Committee Membership Information

Study Title:

Value and Sustainability of Biological Field Stations, Marine Laboratories, and Natural Reserves in 21st Century Science, Education, and Public Outreach

Primary Board:

Study Director:

Dr. Jerry R. Schubel - (Chair)
Aquarium of the Pacific

Dr. Jerry R. Schubel (Chair) has been president and CEO of the Aquarium of the Pacific since 2002. He is president and CEO Emeritus of the New England Aquarium, and from 1974 to 1994 was dean of Stony Brook University?s Marine Sciences Research Center. For three of those years he served as the University?s provost and is Distinguished Service Professor emeritus. Prior to 1974, Dr. Schubel was an adjunct professor, research scientist and associate director of The Johns Hopkins University?s Chesapeake Bay Institute. Dr. Schubel holds a Ph.D. in oceanography from Johns Hopkins University. He received an honorary doctorate from the Massachusetts Maritime Academy in 1998. Dr. Schubel has worked throughout his professional life at the interfaces of science-management-policy on ocean issues. He has published more than 225 scientific papers and has written extensively for general audiences. He is a member of the National Oceanic and Atmospheric Administration?s (NOAA) Science Advisory Board, the Science Advisory Panel for California?s Ocean Protection Council, and the Board of Governors of the Savannah Ocean Exchange. He chaired the National Sea Grant Review Panel; the National Research Council?s Marine Board; and the Ocean Research and Resources Advisory Panel (ORRAP). He has served on numerous NRC committees, is a former member of EPA?s Science Advisory Board, the Census of Marine Life U.S. National Committee, and the National Science Foundation?s Education and Human Resources Advisory Committee.

Dr. Mark R. Stromberg
University of California, Berkeley Hastings Natural History Reservation

Dr. Mark R. Stromberg was the Resident Director of the Hastings Natural History Reservation from 1988-2011, a reserve in the UC Natural Reserve System, established in 1937 by the Museum of Vertebrate Zoology, UC Berkeley for advanced research and teaching in field biology. In 2011, he moved to a position with the UC NRS at the University of California Office of the President. At Hastings, Dr. Stromberg coordinated all the research on the reserve, managed the facility maintenance, develops, administers and maintained the reserve?s computer network, serves as data manager and web manager, plans long-term projects, hosts visiting groups, represents the reserve to local and regional organizations and government agencies, represents the reserve in national and regional organizations (e.g. CalEON, California Biodiversity Center, Organization of Biological Field Stations, UC Natural Reserve System, etc.), oversees safety and animal care issues, and functions as co-PI on grants. Dr. Stromberg managed the first of many California Proposition 84 grants to UC?s Natural Reserve System to install new windows, electrical, plumbing and insulation along with many other needed upgrades in the older buildings. Dr. Stromberg arranged over $4M funding infrastructure at Hastings, including new labs, classroom, barns, garages, and housing for up to 40 visitors. Developing other funding, Dr. Stromberg collaborated with the Western Regional Climate center to install online weather stations at Hastings and 18 other UC reserves. Developing funding from the American Recovery and Reinvestment Act, Dr. Stromberg coordinating the installation a fast radio link to the larger internet, and provide wireless internet access essentially anywhere on Hastings. Dr. Stromberg also coordinated similar cyberinfrastructure installations across 14 other NRS reserves with the ARRA funds. Currently, Dr. Stromberg is assisting in writing a strategic plan for the NRS to focus on seven themes to develop the strengths of NRS as a network over the next 10 years. Dr. Stromberg received a B.S. in Wildlife Biology from Colorado State University in 1973, received an M.S. in Zoology from the University of Wisconsin, Madison in 1975, and completed a Ph.D. in Zoology in 1979 at the University of Wisconsin, Madison.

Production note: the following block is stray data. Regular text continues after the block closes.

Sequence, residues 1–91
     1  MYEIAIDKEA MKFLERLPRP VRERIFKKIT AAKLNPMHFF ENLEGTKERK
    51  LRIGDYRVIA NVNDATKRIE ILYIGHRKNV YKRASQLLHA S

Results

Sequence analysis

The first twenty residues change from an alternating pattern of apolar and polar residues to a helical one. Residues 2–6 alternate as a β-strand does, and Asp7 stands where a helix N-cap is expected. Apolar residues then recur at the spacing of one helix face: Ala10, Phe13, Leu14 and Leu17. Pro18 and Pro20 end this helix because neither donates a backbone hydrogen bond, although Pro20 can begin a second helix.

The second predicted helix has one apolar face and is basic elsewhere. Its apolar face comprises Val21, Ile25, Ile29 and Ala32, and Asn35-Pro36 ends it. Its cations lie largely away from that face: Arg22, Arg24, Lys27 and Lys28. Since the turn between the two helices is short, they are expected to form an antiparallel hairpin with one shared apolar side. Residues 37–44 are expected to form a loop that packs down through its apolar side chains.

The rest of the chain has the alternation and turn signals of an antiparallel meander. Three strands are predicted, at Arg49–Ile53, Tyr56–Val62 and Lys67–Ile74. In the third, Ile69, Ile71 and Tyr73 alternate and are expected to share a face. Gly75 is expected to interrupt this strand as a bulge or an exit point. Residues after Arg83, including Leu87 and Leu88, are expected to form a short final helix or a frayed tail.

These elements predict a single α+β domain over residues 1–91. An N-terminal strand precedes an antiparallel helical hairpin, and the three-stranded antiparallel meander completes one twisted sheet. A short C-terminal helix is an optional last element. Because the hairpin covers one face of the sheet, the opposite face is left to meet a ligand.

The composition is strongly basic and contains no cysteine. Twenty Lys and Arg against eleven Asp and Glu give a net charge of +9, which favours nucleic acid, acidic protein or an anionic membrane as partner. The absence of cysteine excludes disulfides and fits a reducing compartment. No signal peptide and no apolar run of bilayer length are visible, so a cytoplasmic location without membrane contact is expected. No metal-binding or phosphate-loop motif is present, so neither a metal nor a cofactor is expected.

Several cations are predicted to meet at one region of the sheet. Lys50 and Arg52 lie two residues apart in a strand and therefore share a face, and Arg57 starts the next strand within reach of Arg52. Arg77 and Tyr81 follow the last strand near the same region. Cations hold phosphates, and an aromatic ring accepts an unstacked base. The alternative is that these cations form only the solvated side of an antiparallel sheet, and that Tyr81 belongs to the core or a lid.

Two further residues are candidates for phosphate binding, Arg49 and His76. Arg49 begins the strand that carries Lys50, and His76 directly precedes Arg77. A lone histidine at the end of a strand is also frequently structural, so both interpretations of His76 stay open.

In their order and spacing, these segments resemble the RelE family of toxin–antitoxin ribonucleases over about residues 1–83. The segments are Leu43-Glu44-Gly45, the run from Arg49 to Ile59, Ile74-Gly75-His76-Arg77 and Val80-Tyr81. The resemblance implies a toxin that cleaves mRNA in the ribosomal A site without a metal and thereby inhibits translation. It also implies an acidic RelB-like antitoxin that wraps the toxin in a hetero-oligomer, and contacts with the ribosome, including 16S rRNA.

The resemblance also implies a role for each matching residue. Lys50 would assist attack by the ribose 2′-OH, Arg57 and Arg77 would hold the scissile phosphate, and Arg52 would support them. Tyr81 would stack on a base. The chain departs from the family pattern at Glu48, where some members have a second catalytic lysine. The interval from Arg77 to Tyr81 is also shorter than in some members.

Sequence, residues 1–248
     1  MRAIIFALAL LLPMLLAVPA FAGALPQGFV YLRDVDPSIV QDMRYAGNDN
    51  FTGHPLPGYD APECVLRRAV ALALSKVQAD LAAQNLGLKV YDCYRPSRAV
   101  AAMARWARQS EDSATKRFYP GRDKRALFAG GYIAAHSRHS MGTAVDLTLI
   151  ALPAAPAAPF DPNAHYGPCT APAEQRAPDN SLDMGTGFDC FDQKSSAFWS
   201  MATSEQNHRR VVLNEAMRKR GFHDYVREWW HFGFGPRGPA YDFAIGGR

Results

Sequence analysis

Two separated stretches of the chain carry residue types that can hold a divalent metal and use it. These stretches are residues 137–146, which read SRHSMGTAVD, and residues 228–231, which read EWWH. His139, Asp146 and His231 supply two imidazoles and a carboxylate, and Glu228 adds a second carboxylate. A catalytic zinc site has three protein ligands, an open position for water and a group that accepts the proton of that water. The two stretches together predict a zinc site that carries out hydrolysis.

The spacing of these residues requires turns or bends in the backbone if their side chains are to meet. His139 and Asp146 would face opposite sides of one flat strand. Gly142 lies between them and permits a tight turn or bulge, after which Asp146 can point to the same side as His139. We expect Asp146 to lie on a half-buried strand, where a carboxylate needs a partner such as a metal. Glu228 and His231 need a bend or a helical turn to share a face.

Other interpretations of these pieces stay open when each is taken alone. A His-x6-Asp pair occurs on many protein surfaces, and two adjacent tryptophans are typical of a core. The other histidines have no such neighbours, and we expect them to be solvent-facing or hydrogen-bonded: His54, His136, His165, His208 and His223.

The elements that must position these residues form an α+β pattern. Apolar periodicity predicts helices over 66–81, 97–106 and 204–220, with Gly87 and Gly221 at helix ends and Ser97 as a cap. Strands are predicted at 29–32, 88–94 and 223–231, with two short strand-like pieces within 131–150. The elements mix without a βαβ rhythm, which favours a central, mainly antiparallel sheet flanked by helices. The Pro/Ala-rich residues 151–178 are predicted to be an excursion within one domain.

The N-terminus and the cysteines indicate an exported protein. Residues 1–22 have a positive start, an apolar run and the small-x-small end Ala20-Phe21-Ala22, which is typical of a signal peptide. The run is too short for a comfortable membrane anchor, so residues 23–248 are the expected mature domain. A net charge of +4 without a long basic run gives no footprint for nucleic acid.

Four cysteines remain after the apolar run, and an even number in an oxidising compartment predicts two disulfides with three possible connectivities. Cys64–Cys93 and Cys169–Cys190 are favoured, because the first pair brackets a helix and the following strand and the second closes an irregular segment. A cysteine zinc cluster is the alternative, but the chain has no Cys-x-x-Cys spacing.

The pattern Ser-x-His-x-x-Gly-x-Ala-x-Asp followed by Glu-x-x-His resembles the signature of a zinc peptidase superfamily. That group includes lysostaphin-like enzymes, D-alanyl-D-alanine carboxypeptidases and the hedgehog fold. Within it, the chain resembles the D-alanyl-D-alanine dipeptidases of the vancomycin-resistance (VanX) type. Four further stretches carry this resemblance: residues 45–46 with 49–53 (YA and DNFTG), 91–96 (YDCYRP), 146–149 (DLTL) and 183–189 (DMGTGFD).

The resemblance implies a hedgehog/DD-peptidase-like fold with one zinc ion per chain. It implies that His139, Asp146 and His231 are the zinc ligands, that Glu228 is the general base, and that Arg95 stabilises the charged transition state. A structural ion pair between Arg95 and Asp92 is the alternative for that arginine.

Dr. Cathy Conrad
St. Mary's University

Dr. Cathy Conrad is a Professor in the Department of Geography at Saint Mary?s University and Adjunct Professor at Dalhousie University and Wilfrid Laurier University in Waterloo, Ontario. Dr. Conrad?s research encompasses fluvial geomorphology, watershed management, community-based environmental monitoring and water quality. She has been involved with numerous environmental stewardship groups. She currently serves as Research Coordinator for the Community-Based Environmental Monitoring Network. She is actively involved in community-based conservation management projects in Cuba, Vietnam and in a number of Sub-Saharan West-African nations. Dr. Conrad received her Bachelor of Arts (Honors, First Class) from Saint Mary?s University in 1993, her Master of Environmental Studies from Wilfrid Laurier University in 1995, and completed her Ph.D. in Geography in the joint Waterloo-WLU graduate program in 2000.

Dr. Alison G. Power
Cornell University